For those following what happened with the Market Basket—a real victory for the will of the workers and something that needs to resonate on some level about how we should be doing business in America— you might like this article
Thomas Kochan, an MIT business professor, wrote in a column for Fortune magazine's website that said the Market Basket workers' victory is at least the biggest labor story of the year.
"This broad-based revolt defied all traditional doctrines in labor-management relations, labor law and corporate governance," he said.
He also predicted the Market Basket story would "go down in both business and labor history as a pivotal, perhaps historic event."
The most vocal Market Basket protesters knew that. Some mentioned how unusual their plan was, and how any professional adviser probably wouldn't recommend it, and the employee website We Are Market Basket addressed that aspect in a posting the day the employee walkout began in July.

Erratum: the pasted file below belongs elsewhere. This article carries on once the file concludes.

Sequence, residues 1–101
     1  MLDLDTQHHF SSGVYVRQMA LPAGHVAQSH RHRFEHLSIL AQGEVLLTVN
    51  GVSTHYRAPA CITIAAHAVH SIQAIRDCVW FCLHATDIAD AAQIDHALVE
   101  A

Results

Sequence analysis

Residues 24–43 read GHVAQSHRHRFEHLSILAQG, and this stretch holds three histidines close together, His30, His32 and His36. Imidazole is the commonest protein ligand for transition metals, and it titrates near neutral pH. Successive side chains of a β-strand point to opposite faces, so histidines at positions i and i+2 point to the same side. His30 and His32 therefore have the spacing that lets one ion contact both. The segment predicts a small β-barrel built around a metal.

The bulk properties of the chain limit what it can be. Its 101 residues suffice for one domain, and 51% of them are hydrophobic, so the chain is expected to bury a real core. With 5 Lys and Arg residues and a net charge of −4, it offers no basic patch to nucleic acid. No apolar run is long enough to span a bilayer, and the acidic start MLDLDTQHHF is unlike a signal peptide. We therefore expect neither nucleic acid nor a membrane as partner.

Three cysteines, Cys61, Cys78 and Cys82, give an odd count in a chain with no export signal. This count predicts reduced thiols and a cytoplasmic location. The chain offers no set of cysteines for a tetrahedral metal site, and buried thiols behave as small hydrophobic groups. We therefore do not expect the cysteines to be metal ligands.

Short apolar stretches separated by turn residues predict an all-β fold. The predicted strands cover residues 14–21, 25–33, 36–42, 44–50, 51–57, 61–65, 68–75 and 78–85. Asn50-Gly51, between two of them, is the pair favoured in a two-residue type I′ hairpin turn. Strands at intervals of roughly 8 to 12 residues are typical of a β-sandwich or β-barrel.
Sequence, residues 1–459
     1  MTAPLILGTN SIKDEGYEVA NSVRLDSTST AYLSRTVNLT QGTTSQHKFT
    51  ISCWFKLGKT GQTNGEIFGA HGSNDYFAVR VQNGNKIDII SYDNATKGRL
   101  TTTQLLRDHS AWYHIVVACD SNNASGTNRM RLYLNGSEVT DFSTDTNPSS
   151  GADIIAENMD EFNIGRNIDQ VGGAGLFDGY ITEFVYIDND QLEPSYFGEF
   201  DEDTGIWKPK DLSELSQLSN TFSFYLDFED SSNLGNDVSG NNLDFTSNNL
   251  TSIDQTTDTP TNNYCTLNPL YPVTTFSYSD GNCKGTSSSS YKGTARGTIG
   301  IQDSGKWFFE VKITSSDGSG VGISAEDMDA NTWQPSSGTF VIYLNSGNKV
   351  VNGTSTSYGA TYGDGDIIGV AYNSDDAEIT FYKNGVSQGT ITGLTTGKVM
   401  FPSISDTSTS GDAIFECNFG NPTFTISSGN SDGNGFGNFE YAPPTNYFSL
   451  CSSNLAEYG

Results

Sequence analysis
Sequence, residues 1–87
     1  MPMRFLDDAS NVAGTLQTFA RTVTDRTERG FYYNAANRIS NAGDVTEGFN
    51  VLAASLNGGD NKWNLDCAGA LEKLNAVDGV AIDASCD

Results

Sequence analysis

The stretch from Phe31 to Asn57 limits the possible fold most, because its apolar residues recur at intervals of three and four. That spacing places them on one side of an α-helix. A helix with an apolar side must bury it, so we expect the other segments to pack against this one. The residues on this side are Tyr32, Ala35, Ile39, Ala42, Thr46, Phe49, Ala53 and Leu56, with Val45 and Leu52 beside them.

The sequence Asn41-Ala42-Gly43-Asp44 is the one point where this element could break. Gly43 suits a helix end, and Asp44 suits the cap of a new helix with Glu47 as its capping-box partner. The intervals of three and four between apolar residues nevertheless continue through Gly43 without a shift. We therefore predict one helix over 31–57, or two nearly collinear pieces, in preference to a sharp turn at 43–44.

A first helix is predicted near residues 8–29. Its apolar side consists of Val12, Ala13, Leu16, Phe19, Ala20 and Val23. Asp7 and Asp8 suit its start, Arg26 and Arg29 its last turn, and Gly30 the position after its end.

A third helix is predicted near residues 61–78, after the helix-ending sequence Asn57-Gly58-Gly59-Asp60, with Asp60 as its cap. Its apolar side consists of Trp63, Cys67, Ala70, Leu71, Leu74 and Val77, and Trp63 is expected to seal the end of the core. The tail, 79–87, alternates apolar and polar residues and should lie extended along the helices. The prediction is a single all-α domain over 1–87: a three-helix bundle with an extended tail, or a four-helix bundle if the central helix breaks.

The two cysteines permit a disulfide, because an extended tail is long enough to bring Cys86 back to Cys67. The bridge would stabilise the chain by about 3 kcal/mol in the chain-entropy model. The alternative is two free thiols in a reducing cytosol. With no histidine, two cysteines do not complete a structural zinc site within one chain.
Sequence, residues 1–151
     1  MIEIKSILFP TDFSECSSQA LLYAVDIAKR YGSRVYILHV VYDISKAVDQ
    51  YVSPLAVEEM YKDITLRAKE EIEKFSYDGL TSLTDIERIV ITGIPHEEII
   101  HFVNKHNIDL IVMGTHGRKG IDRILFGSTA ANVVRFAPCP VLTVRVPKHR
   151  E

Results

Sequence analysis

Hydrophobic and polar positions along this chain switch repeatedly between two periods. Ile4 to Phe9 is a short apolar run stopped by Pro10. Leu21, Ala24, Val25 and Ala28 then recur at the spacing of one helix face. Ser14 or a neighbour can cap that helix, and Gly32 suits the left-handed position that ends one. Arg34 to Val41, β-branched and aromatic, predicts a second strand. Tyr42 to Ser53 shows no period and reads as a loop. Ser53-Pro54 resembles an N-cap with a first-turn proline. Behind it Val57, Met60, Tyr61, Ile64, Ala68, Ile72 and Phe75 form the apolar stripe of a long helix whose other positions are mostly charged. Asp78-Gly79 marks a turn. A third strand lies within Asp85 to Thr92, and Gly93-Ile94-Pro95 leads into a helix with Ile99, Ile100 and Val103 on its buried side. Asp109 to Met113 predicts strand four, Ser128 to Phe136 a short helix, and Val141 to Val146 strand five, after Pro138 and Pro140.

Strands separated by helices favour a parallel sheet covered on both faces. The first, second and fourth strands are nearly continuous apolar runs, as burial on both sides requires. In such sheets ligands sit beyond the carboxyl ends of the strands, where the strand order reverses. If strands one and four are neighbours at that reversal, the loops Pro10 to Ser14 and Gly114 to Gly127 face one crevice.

"What we are doing is unprecedented so therefore we have no blueprint to follow or business-school lesson to refer to," the website said. "Some may think we are naive, and maybe we are. Perhaps that naiveté works in our favor as it allows us to believe that what we are doing is not only right but also achievable.
"We hope to become the precedent, the blueprint and the business-school lesson," it added.
The lesson from Market Basket, UMass Lowell business professor Scott Latham said, is that labor is often closer to the customer than management is, and it deserves a seat at the table.
"In the wake of this, as a strategy professor, in my class now, I will ask managers and executives, 'Would your employees fight for you if you were dismissed?'" Latham said. "If the answer is no, then it's time to look in the mirror."